Pressure should be on the US regarding the missing Saudi journalist
The Turkish leadership might be feeling relief that they have at least avoided a collision course with Riyadh, which would have forced Ankara to use the nuclear option: To force their way in to the Saudi Arabia’s consulate in Istanbul, where Saudi journalist Jamal Khashoggi is suspected to have been murdered.
The fact that Saudi Arabia’s Consul General Mohammad al-Otaibi has left Turkey for his country cannot be explained by diplomatic immunity. Turkish authorities had all the legal grounds to stop him from leaving the country.
That he was left off the hook attests to a tradeoff. The royal House of Saud probably accepted the search to be conducted by Turkish investigators in the consulate on the condition that the consul general in Istanbul would be able to leave the country. The tradeoff probably included the house of the consul general, but the Saudis backed off at the last moment, prompting the Turkish side to voice criticism that the Saudis are dragging their feet.
From flat-out denial of any involvement, the Saudis have come to the point of starting an investigation. By leaking information to the international media, the Turkish government has tried to push the royal House of Saud towards admission of guilt.
Speculations that the royal House of Saud might blame “rogue elements” and claim King Salman and the Saudi Crown Prince Mohammed bin Salman had not been informed seems to have shifted the focus toward another scenario, according to which the investigation of Khashoggi went wrong and there was an accidental murder.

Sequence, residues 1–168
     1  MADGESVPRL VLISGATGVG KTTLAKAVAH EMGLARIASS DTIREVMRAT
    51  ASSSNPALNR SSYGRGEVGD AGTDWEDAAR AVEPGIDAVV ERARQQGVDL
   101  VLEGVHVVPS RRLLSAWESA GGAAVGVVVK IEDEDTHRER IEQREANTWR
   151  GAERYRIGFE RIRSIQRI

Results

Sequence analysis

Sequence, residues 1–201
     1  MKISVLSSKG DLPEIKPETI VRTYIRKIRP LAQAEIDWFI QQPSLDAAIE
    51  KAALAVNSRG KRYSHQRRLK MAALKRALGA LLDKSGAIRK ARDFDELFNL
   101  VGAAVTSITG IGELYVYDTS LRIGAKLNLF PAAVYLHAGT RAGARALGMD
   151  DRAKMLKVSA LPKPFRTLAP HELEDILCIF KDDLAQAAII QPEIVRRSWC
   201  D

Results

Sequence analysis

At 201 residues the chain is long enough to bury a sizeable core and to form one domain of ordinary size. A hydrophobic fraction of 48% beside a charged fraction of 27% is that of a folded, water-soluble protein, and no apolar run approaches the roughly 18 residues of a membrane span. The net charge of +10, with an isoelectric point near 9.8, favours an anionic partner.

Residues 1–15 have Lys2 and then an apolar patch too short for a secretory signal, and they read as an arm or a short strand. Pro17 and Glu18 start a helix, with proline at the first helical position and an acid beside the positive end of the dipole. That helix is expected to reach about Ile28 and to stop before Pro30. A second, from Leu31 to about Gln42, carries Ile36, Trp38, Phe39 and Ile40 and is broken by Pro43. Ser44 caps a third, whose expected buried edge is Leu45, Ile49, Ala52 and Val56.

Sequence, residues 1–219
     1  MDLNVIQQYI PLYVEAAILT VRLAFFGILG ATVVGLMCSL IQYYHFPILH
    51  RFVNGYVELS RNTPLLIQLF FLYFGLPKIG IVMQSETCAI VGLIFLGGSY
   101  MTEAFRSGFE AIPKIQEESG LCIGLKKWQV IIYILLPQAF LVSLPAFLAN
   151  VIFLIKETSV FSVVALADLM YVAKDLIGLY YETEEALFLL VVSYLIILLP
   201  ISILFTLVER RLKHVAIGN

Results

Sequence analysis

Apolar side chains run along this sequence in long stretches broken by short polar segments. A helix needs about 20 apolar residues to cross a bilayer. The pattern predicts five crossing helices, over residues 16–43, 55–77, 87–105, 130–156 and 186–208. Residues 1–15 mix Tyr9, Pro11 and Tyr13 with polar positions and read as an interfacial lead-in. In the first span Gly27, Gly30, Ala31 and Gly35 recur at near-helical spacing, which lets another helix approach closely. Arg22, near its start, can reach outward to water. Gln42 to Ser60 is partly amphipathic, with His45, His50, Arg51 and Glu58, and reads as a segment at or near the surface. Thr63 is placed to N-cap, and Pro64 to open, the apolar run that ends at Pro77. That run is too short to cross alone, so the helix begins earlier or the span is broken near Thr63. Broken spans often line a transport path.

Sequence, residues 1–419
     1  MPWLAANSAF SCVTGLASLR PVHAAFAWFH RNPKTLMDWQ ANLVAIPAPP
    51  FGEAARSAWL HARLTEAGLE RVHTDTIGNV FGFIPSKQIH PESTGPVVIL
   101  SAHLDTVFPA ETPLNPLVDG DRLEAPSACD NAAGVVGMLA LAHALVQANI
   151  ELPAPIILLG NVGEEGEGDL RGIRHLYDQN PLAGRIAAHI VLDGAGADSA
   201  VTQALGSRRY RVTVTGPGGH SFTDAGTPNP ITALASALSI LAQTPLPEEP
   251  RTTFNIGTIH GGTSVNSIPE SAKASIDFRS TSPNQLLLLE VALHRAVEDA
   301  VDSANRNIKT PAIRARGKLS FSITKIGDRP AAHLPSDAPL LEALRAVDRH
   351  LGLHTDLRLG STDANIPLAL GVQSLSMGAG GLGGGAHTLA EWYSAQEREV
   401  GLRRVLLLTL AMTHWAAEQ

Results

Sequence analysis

Yet, the leaking of intelligence by the Turkish authorities leave no room for doubt that whatever happened 12 hours before Khashoggi entered the consulate and 12 hours after had all been meticulously planned. There is no sign of panic; no sign that could show things had not gone as planned.
The reason why the Turkish government has let the small fish off the hook and let the Saudi diplomat leave Istanbul may aim to target the big fish. But what is the big fish here? That is the big question.
If the 15-member death squad were to be tried and found guilty, are we going to consider that justice has been met and case closed?
Turkish authorities have shared information that would indicate the murder could not have happened without the direct knowledge of the crown prince, the kingdom’s de facto ruler.
Is Ankara after the crown prince known by his initials “MBS,” who has not particularly been fond of Turkey’s policies?
There are speculations in the Turkish media that President Recep Tayyip Erdoğan is using this case for political gains.
Is Erdoğan forcing the Trump administration to use its leverage so to curb the power of MBS? Would that serve justice? Would it be seen as a political gain? Or, as the saying goes, would it be like hitting two birds with one stone?
Seeing that the United States is unwilling to compromise MBS, will Turkey help the Trump administration save the reputation of the royal House of Saud from major humiliation and ask in reverse for some concessions in U.S.-Turkish ties?
No doubt Erdoğan’s course of action on the Khashoggi case will be scrutinized, especially in terms of the famous “value based principles” approach that his advisors have said had been shaping Turkey’s policy in the Middle East, especially during the Arab Spring.
However, international attention should relentlessly focus on Washington. Not only because it is the only capital that has leverage over Riyadh but because MBS was most likely encouraged by the blank check he received from Trump as well as the constant attacks in the media.
U.S. Secretary of State Pompeo’s smiles with King Salman ahead of his conversation about a cold blooded murder of a journalist would be remembered as a despicable shameful instance in the history of journalism.
And let’s not forget, while U.S. sanctions continue to be imposed on two Turkish ministers for the detention of U.S. citizens in Turkish prisons (one of them has just been released), we are talking about an assassination of a journalist working for a U.S. media outlet.